My approach is to help couples realize that the issues they experience in their relationship are often symptoms of unresolved individual issues that become activated and projected in the relationship. My approach is based on Imago Relationship Therapy, Emotionally Focused Couples Therapy, and the book Undefended Love by Jett Psaris and Marlena Lyons.
My goal is to help clients use the relationship as a mirror for their own patterns. All couples want love and connection, but many feel they can not have that due to the problems within their relationship. As couples progress in therapy, they realize they must turn inwards for the relationship to thrive.
What do you find most rewarding about your work?
My work and who I am are inseparable. I do not play the role called psychotherapist—I live a deeply examined and authentic life in and out of the office. Life is my office.
Therapy sessions with Alex
What will our first session together be like? What happens in ongoing sessions?
The first session is crucial because it’s in the first session that trust is gained or lost and connection is of paramount importance. It is also important that the client feels that healing is possible and that we can achieve it together.
Session after session, we will continue to make sure that we are focused on the core issues and recognize that whatever we are discussing always revolves around these core issues. Each week we will discuss how the previous session was integrated into life.
How long do clients typically see you for?
Clients typically see me for 12-24 weeks.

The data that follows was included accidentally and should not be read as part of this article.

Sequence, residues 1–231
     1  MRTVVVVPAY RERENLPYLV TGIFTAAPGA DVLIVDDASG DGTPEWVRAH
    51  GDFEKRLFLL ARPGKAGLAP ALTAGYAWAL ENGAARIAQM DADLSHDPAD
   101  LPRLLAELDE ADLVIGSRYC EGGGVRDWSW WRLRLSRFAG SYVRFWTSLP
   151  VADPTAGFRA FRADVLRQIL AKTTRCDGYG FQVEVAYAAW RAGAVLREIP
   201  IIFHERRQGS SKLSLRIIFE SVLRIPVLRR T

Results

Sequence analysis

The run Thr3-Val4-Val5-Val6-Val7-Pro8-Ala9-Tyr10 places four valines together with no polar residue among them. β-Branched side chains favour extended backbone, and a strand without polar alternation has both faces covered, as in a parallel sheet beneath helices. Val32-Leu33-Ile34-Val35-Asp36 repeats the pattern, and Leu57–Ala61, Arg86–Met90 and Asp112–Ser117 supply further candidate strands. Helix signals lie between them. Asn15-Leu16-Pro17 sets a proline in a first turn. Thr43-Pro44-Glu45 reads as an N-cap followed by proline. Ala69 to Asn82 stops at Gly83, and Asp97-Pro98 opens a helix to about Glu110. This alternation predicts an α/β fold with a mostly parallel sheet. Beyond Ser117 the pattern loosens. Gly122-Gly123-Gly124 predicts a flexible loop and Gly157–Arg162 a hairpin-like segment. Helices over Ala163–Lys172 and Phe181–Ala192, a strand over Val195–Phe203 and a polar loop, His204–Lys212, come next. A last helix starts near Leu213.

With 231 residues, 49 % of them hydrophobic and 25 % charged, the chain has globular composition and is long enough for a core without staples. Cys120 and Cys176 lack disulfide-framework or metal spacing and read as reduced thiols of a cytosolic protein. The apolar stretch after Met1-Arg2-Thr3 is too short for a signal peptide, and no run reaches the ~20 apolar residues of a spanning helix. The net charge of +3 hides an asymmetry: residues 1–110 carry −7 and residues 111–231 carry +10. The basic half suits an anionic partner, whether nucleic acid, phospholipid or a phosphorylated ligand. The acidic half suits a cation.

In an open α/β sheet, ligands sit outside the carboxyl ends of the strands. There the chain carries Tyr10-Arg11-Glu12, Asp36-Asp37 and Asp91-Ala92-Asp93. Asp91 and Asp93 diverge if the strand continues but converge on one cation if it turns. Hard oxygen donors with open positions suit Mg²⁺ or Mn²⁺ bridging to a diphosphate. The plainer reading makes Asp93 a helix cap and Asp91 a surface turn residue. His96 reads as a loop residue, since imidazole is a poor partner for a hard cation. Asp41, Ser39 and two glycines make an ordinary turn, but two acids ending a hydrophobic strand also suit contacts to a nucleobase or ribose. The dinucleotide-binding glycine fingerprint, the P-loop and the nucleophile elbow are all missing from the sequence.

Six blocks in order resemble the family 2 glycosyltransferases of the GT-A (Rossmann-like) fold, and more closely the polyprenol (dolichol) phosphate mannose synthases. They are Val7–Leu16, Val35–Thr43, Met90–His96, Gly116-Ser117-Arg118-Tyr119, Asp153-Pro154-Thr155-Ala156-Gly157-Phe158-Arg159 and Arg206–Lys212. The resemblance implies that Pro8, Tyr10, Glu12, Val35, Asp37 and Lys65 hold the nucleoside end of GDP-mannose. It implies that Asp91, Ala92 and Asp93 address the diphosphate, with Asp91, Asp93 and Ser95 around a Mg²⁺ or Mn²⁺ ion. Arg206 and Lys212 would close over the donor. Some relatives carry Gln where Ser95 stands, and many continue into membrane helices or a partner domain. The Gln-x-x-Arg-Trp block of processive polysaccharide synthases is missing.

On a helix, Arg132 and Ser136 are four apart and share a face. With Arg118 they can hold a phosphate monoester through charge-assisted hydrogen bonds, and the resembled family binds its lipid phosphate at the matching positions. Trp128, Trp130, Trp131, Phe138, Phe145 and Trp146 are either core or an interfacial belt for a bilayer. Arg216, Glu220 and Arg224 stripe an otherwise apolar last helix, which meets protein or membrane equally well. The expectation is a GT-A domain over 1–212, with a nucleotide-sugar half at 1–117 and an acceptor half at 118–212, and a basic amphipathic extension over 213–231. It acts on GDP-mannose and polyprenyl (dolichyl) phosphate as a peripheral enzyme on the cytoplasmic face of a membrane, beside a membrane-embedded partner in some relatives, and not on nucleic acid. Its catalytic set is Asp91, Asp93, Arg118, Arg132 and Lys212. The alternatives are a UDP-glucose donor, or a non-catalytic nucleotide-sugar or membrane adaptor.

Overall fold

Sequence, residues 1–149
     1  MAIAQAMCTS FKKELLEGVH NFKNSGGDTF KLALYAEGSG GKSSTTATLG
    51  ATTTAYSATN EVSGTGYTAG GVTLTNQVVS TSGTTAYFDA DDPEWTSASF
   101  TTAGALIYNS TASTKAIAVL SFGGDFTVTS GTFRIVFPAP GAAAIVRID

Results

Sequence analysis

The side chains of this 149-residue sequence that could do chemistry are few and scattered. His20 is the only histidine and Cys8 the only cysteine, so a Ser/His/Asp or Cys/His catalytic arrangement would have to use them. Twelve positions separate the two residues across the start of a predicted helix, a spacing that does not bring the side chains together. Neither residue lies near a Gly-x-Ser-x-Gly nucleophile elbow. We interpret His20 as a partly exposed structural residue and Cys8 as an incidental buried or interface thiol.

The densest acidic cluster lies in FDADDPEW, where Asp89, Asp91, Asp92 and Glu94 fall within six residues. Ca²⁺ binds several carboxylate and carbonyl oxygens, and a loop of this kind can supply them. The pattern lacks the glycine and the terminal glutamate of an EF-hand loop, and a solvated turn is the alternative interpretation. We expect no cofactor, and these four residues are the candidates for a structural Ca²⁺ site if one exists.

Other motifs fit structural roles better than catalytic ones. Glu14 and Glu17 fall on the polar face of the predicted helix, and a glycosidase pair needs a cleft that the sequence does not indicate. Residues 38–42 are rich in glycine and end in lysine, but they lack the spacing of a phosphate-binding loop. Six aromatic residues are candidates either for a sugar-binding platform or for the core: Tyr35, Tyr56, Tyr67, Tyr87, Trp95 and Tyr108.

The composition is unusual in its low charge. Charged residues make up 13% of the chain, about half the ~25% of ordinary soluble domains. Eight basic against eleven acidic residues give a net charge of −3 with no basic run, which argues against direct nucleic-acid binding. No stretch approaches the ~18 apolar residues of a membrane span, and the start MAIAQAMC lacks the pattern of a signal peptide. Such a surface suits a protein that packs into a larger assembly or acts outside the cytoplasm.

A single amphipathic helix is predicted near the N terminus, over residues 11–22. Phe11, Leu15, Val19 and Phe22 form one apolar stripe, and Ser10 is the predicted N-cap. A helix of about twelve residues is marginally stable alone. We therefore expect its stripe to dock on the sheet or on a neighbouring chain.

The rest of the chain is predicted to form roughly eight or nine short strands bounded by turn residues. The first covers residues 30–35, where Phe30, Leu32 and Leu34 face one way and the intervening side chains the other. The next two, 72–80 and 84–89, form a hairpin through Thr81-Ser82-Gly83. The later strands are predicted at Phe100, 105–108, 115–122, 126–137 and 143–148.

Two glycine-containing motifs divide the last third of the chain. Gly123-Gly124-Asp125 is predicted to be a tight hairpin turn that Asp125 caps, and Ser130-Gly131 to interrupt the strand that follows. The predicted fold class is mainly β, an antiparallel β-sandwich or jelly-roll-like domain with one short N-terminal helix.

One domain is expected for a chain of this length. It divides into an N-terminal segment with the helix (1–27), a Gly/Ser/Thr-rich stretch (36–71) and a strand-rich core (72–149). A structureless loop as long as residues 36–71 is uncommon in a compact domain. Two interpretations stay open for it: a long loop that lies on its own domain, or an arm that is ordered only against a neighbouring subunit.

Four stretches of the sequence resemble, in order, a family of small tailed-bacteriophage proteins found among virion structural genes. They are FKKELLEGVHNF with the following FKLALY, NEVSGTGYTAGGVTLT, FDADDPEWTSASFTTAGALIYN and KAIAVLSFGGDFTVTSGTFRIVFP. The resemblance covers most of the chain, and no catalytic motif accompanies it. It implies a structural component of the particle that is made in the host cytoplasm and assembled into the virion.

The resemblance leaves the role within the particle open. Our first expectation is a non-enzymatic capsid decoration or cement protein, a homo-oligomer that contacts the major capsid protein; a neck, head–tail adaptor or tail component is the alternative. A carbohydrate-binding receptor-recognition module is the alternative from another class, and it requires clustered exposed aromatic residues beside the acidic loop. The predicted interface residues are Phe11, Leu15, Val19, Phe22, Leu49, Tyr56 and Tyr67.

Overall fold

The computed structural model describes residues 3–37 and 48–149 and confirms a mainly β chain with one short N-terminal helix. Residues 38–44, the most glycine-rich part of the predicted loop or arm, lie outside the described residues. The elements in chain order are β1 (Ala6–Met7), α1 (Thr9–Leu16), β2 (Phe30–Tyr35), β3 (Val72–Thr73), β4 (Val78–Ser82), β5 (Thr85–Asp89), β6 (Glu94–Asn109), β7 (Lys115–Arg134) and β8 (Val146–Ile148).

Are there any books you often recommend to clients?
Absolutely! Most important is There is Nothing Wrong With You by Cheri Huber.
Do you assign “homework” between sessions?
Absolutely. I ask clients to read, review session notes, make notes on reflections, and bring questions to the next session.
How do you help ensure I'm making progress in therapy?
Awareness is key… progress is measured in the awareness of patterns, the release of patterns, and the living in authenticity.
How do I know that it’s time to start seeking therapy?
Suffering is a clue that something is bothering you, and after attempting to resolve it on your own, you feel frustrated that what you are trying is not working. This is when professional help maybe useful.
How can I prepare for our first session?
Nothing special needs to be done. Be yourself and as honest and open as possible.
How will I know it’s time to end my time in therapy with you or reduce session frequency?
This happens organically and both of us will start to feel that we have addressed many issues and that there is stability in your authenticity.
Why should I seek therapy, rather than turning to my partner, friends, or other loved ones?
Therapy provides an objective observer: the therapist. Family and partners are often too enmeshed with their own psyche. They may be loving loving, but this is not enough for deep transformation… In therapy, you may feel more free to speak without the inhibition that is often present with family or friends. Being open and vulnerable is paramount to healing.
What advice would you share with therapy seekers?
No matter what, healing is possible. Hope is most important.
Visit Alex’s profile to watch his introductory video, read more about him, and book an initial call!